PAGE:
I was pleased to see that Councilmember Elizabeth Crowley has come out in favor of restoring passenger service on the west end of the Long Island Rail Road's Montauk Branch, which actually goes from Jamaica to Long Island City. I took a Long Island Rail Road train along this once, years ago, when they still ran passenger trains. Show More Summary

Autonomous cars in the advanced city

Robin Chase, founder of Zipcar, said this to Yonah Freemark last month:Would you prefer what we have today, [where] only poor people use [most transit service] and it sucks, or would you rather that poor people use the exact same thing...Show More Summary

Can the trains really handle weekend passenger loads?

The Daily News had a good piece on subway overcrowding yesterday, featuring some odd comments by MTA officials. Much as I appreciate the work of reporter Dan Rivoli and his colleagues, there's a few things that need some clarifying around these issues. Show More Summary

Who's getting out of the way of the buses?

The Transit Workers' Union Local 100 has been campaigning against New York's recently enacted Right of Way law, which gives the police and courts more power to punish drivers who injure or kill people in the crosswalk. Essentially, it...Show More Summary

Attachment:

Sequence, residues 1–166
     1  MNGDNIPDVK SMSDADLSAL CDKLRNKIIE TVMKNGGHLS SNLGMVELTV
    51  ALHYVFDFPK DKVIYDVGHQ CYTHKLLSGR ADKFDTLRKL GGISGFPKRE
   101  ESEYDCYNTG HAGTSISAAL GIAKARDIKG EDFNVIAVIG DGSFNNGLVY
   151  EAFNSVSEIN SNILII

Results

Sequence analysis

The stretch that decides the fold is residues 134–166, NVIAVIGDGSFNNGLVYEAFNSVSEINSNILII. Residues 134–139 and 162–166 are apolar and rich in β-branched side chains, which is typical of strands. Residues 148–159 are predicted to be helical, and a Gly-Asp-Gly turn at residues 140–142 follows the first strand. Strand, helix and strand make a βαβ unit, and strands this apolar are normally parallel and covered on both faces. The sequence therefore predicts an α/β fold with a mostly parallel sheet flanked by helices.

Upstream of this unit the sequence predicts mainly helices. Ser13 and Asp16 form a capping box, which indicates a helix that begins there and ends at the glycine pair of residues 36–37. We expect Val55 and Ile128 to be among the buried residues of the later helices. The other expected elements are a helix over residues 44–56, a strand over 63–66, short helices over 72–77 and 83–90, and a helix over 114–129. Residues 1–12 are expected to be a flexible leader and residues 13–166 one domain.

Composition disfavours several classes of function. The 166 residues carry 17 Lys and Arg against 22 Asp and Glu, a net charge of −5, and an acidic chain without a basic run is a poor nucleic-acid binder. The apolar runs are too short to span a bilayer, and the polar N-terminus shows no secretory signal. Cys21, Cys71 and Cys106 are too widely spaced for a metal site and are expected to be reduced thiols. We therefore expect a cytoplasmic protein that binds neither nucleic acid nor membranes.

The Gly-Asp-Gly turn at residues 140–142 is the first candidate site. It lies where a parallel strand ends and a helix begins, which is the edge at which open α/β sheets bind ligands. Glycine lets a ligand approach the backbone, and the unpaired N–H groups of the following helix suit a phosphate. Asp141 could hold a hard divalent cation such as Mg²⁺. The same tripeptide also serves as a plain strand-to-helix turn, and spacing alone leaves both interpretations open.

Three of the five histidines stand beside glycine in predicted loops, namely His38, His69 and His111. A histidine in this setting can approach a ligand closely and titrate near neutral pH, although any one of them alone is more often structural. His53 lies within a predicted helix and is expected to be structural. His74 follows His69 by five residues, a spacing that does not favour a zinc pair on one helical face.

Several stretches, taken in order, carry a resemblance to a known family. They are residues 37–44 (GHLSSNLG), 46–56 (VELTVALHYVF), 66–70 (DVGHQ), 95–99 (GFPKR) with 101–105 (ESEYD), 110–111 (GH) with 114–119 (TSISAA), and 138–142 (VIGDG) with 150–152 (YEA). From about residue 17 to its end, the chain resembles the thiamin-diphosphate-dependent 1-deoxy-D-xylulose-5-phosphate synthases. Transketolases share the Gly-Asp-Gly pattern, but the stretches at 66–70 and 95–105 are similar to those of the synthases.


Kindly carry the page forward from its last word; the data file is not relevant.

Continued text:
The new short game in transit advocacy

In my last post I focused on the difference between playing a long game in transit advocacy, which requires thinking strategically about what government priorities will encourage people to choose car-free lifestyles, and a short game, where the focus is on getting more people to take transit and making it easier for them. Show More Summary

The long game in transit advocacy

While I generally appreciate other transit activists, I’ve criticized plenty of them in the past. Recently I’ve figured out what it is that bothers me most: a lot of them are playing a very short game.They’re playing up routing improvements...Show More Summary

The most important post of 2003

Josh Barro is not alone in being stuck in the mindset that transit always needs more riders. It seems to be a hard thing to grasp, but sometimes you have enough riders to fill your buses and you have to create more capacity so that you can take more people out of their cars. Show More Summary